Brands and Snapchat Stories: The Next Big Thing?

Snapchat, the ephemeral photo messaging application beloved by Millenials, has intrigued – and often mystified – brand marketers since its initial release.  While the ability to push content directly to users is a marketer’s dream, the short duration of messages has left many unsure of how to utilize the application. All of this changed with the recent unveiling of Stories, the inventive new feature available to all users. Snapchat

The Stories feature is a radical departure for Snapchat. Stories are a rolling compilation of snaps from the previous 24 hours. While the individual snaps are still limited to a few seconds, contacts now have the ability to replay each snap and view compiled stories as a longer message for 24 hours.

Herein lies the real value for brands. The ability to push content for a longer period of time and compose a long form narrative changes the way marketers look at Snapchat. Now, for example, a brand can send out a direct announcement to drive traffic to a campaign website at a specific time. The snap featuring the message and URL can be replayed; ensuring users have the time and ability to act off the snap.

The ability to build a daylong narrative also opens the door for creative uses of Snapchat by brands. Brands can now create a connected and engaging narrative for users, instead of relying on one-off snaps. Much like Vine brought about flipbook-style videos for brands; Snapchat provides a medium for content that tells a connected story that doesn’t get disrupted by the content of other accounts. A number of brands, including Taco Bell and the New Orleans Saints, have embraced Snapchat Stories as a new tool in their social media toolkit.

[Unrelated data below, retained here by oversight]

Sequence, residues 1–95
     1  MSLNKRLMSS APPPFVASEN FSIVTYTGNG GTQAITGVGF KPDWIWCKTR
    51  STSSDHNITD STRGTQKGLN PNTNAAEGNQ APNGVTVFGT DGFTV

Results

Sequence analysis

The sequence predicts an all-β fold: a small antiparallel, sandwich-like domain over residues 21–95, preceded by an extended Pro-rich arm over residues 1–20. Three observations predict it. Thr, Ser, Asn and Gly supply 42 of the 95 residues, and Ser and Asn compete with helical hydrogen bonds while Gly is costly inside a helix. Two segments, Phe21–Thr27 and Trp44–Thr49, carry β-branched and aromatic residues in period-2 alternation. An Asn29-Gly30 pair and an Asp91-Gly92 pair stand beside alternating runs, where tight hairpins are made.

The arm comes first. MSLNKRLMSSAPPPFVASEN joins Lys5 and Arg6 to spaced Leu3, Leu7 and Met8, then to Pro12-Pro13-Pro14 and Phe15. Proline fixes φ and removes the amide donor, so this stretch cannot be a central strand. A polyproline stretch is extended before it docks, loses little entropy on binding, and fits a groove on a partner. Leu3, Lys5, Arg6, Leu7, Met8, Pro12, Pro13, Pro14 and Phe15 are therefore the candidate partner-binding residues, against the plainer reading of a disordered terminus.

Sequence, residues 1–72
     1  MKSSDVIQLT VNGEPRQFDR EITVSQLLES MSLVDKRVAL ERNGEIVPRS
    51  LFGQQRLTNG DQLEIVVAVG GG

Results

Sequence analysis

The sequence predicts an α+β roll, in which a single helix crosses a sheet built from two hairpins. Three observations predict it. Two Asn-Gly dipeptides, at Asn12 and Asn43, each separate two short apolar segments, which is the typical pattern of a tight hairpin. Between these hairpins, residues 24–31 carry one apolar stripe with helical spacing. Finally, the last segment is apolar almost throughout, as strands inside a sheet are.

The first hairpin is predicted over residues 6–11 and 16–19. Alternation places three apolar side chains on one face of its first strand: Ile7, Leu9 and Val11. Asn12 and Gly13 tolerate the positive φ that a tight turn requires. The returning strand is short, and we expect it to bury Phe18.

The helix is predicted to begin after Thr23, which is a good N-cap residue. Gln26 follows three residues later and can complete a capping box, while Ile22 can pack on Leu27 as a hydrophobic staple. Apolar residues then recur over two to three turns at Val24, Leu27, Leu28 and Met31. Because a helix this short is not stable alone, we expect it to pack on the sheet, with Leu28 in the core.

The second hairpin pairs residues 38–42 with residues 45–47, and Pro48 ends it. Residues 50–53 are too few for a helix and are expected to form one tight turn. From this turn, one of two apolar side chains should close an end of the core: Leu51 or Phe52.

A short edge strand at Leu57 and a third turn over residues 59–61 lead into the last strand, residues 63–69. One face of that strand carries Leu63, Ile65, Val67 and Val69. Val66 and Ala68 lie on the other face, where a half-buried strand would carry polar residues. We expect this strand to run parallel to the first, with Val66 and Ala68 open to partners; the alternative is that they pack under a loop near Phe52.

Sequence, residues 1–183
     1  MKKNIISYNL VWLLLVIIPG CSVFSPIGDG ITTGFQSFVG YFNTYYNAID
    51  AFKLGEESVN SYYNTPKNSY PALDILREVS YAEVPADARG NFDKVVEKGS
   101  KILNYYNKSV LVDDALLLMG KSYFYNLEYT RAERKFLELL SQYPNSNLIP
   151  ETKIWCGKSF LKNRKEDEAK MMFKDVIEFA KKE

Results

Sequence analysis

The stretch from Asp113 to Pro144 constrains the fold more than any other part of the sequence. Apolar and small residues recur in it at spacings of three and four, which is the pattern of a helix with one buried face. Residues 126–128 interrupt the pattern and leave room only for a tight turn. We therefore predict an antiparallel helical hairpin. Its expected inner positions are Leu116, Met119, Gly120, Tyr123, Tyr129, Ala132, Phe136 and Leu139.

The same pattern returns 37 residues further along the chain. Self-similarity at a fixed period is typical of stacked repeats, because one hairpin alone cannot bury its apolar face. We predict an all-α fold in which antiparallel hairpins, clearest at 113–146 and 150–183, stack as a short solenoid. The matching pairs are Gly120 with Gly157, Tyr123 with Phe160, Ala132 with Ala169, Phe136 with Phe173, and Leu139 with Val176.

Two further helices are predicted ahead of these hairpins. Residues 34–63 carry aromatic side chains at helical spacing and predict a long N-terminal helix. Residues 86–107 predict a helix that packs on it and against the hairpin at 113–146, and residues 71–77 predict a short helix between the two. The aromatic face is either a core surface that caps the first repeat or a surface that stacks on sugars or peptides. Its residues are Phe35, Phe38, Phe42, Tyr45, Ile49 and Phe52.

Many brands will, of course, have some concerns about the utility of Snapchat, most notably the lack of engagement statistics. Despite that drawback, it is worthwhile to at least examine the potential for promoting a brand. Most social networks evolve as their user bases grow and they seek a way to monetize and compete as larger social tools. Snapchat is still young and engagement statistics are very likely in its future.

It also is likely that as Snapchat continues to grow that it will offer new features and capabilities to expand on the value provided by the Stories feature. As the founders of Snapchat said in an interview with The New York Times, they “envision a future where the company could partner with brands or advertisers that want to show certain Snapchat users a glimpse of a new device, a preview of a new movie or a sneak peek of an upcoming line of clothing.”

Unlike their snaps, Snapchat is not in danger of disappearing fast. Snapchat currently processes about 350 million photos a day, which rivals Twitter and Facebook in terms of posts. With the arrival of Stories, the question for brands is how they can utilize such a powerful resource for brand messaging.

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